The loss of four Hurlburt Field airmen, more progress with the F-35, VIP visits to NAS Pensacola and Stennis Space Center, the elimination of a flying unit in New Orleans, the first flight of a Rolls-Royce XWB engine and plans for an unmanned version of the A-10 were just some of the aerospace stories during the week of interest to the Gulf Coast region.
Four airmen from Hurlburt Field, Fla., with a combined 18 deployments, 3,100 combat hours and 20 years of service, died last weekend when their U-28A crashed near Camp Lemonnier, Djibouti, in the Horn of Africa. It was at the end of what the Air Force called a routine mission in support of Operation Enduring Freedom.
Killed were Capt. Ryan P. Hall of Colorado Springs, Colo., with the 319th Special Operations Squadron; Capt. Nicholas S. Whitlock of Newnan, Ga., and 1st Lt. Justin J. Wilkens of Bend, Ore., both with the 34th Special Operations Squadron; and Senior Airman Julian S. Scholten of Upper Marlboro, Md., with the 25th Intelligence Squadron.
There were no other personnel aboard the single-engine aircraft.
Hall, 30, was a pilot and on his seventh deployment, and had more than 1,300 combat flight hours. He's joined the Air Force in 2004. Whitlock,29, also was a pilot and was on his fifth deployment. He had more than 800 combat flight hours and joined the Air Force in 2006. Wilkens, 26, was on his third deployment and had more than 400 combat hours. Scholten, 26, was on his third deployment and had more than 600 combat hours. Both joined the Air Force in 2009.
The Air Force 1st Special Operations Wing at Hurlburt Field will hold a memorial service for the four airmen Tuesday.
In addition to those four airmen, the Northwest Florida Daily News reported Saturday that one of the two soldiers killed in protest over the burning of the Koran was Army Sgt. Joshua A. Born, of Niceville, Fla. Born and Cpl. Timothy J. Conrad Jr., of Roanoke, Va., both were shot in Afghanistan.
Unless you receive casualty reports from DoD on a regular basis, it's easy to forget that we have men and women who place their lives in danger every day in "routine" missions. As a veteran myself who comes from a family of veterans, I make it a point to read every one of these reports as my way of giving thanks. They deserve our deepest respect.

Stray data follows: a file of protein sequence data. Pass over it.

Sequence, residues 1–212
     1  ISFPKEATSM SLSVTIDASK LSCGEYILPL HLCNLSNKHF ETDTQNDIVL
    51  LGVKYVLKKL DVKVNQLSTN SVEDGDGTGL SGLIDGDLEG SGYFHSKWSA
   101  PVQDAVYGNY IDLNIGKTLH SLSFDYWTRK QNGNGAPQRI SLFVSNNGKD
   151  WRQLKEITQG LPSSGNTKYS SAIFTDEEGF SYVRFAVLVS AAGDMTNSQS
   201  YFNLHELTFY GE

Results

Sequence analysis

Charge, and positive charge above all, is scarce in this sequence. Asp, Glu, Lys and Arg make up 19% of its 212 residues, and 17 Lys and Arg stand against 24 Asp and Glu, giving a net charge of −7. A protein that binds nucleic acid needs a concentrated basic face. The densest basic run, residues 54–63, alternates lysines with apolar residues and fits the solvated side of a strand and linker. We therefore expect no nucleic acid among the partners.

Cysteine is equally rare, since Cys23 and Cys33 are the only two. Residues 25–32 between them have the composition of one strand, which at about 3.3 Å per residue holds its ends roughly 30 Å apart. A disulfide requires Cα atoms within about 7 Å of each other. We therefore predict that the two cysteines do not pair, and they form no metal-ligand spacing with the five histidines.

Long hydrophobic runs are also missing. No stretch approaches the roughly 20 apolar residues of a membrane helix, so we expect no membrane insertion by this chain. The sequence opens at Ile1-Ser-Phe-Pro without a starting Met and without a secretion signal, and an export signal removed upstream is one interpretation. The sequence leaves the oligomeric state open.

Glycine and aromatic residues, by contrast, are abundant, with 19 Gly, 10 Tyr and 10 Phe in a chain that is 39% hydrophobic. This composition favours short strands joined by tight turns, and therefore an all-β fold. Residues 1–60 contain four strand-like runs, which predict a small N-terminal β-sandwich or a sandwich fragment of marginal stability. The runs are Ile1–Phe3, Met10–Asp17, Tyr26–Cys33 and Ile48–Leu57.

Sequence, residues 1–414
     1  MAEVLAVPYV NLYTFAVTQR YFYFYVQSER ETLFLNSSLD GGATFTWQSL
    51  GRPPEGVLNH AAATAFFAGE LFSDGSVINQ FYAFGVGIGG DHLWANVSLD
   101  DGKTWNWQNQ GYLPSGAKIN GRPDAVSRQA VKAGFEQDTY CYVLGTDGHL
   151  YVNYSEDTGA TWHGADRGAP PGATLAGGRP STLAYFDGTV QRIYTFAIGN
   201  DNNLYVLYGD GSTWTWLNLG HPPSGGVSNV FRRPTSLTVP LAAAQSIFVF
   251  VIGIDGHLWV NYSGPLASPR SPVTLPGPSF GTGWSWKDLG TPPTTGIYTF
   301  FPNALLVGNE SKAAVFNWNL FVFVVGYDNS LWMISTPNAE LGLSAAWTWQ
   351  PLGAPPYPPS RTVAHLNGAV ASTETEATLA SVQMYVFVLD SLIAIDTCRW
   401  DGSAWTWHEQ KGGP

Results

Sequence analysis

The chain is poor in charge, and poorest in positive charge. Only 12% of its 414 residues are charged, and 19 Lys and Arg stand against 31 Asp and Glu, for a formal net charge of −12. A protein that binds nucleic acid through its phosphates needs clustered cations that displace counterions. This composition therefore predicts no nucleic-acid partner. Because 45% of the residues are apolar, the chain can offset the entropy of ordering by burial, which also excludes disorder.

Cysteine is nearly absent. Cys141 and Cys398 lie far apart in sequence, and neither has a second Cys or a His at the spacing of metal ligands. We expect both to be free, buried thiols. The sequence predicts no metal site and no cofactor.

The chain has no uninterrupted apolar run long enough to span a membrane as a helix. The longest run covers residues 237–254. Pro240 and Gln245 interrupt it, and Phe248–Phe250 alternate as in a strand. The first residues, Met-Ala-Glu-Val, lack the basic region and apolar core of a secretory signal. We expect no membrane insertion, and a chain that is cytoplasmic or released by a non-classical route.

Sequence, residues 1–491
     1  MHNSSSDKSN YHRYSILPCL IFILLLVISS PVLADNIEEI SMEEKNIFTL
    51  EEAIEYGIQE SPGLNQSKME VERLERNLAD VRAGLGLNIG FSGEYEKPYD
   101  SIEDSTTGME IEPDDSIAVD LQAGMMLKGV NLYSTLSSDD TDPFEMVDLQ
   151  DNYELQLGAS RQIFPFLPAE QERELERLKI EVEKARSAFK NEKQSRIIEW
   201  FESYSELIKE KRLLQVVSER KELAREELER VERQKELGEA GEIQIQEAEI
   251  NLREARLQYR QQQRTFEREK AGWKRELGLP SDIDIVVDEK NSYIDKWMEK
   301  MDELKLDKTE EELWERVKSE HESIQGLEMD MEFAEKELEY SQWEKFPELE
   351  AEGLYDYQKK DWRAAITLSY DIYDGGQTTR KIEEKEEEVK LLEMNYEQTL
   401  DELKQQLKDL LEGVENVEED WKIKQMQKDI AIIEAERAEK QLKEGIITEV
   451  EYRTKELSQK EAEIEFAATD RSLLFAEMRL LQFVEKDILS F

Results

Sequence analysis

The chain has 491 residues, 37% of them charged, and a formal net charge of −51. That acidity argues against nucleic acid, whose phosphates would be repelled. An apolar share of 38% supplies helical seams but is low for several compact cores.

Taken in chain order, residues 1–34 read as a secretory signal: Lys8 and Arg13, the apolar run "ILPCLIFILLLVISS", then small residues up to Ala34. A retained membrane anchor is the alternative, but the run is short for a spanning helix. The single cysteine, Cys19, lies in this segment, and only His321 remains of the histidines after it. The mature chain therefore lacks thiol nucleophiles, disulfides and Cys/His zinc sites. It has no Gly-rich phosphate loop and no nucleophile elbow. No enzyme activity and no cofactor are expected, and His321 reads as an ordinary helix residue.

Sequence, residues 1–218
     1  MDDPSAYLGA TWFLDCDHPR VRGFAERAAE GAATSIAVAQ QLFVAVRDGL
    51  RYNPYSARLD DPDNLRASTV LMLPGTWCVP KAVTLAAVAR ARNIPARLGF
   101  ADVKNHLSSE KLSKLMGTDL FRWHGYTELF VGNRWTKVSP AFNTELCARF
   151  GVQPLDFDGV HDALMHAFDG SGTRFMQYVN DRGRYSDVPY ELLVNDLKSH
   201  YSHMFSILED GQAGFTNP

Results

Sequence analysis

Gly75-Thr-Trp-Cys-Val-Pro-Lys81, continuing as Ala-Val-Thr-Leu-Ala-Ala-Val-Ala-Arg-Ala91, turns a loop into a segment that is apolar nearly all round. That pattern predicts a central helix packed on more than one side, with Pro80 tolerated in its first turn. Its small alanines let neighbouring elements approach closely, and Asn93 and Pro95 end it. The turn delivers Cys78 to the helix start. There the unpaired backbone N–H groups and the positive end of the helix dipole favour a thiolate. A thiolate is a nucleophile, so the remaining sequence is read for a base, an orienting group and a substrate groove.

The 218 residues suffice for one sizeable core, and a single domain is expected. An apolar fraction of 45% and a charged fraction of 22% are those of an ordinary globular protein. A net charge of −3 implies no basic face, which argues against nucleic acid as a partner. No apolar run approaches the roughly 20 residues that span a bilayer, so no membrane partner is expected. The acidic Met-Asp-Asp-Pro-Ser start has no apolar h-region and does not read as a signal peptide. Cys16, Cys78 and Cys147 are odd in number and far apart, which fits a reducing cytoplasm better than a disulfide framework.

The Marine Corps during the week hosted a rollout ceremony to celebrate the January arrival of the F-35B, the short takeoff-vertical landing variant of the Joint Strike Fighter. Hundreds attended the event at Eglin Air Force Base in northwest Florida.
Eglin, which will train F-35 pilots and maintainers for all branches of the military and foreign allies, is home to the largest contingent of F-35s. There are six Air Force F-35A conventional landing and takoff versions and there F-35Bs, the vertical takeoff and landing variant. The planes started arriving at Eglin last year. Eventually, there will be 59 at the base.
For the Marines, the F-35 will replace the F/A-18 Hornet, AV-8B Harrier and EA-6B Prowler.
Officials at Eglin said Friday that military training flights could be approved by late March or early April, underscoring comments made earlier by Gen. Edward Rice, head of the Air Education and Training Command. He said at an Orland, Fla., conference that the F-35s could be flying in a matter of weeks.
- The first external weapons test mission was flown by an F-35A this month during a mission at Edwards Air Force Base, Calif. The Feb. 16 test involved an Air Force F-35 carrying two air-to-air AIM-9X missiles on the outboard wings stations, two GBU-31 guided bombs and two AIM-120 air-to-air missiles carried inside the weapons bays. The jet also had mounted four external pylons that can carry 2,000-pound air-to-ground weapons. No weapons were fired in the test. (Post)
- A Royal Air Force squadron leader became United Kingdom's first military test pilot to fly the F-35C carrier variant of the Joint Strike Fighter. Jim Schofield said the F-35 is the best handling of any jet he's flown. His Feb. 21 flight at Patuxent River, Md., is the latest in a series of milestones for the UK's program, which included the first F-35C launch from an electromagnetic aircraft launch system. That system will be used in the HMS Queen Elizabeth aircraft carrier now under construction. (Post)
- Lockheed Martin opened a new 57,000 square-foot facility in Pinellas Park, Fla., to produce canopy components for the F-35. The facility is an annex to Lockheed Martin's existing 197,000 square-foot building that's been making structural components for more than 10 aircraft since 1997. (Post)